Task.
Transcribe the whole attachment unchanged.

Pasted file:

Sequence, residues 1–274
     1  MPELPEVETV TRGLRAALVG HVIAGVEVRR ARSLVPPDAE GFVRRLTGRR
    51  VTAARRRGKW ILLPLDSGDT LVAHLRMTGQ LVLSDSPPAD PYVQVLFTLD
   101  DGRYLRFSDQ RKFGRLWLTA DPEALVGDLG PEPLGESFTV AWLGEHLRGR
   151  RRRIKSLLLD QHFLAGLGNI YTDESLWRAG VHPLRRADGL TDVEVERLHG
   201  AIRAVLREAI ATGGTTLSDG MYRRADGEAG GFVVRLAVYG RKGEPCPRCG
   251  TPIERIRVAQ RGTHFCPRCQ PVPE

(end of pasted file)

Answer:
Sequence, residues 1–274
     1  MPELPEVETV TRGLRAALVG HVIAGVEVRR ARSLVPPDAE GFVRRLTGRR
    51  VTAARRRGKW ILLPLDSGDT LVAHLRMTGQ LVLSDSPPAD PYVQVLFTLD
   101  DGRYLRFSDQ RKFGRLWLTA DPEALVGDLG PEPLGESFTV AWLGEHLRGR
   151  RRRIKSLLLD QHFLAGLGNI YTDESLWRAG VHPLRRADGL TDVEVERLHG
   201  AIRAVLREAI ATGGTTLSDG MYRRADGEAG GFVVRLAVYG RKGEPCPRCG
   251  TPIERIRVAQ RGTHFCPRCQ PVPE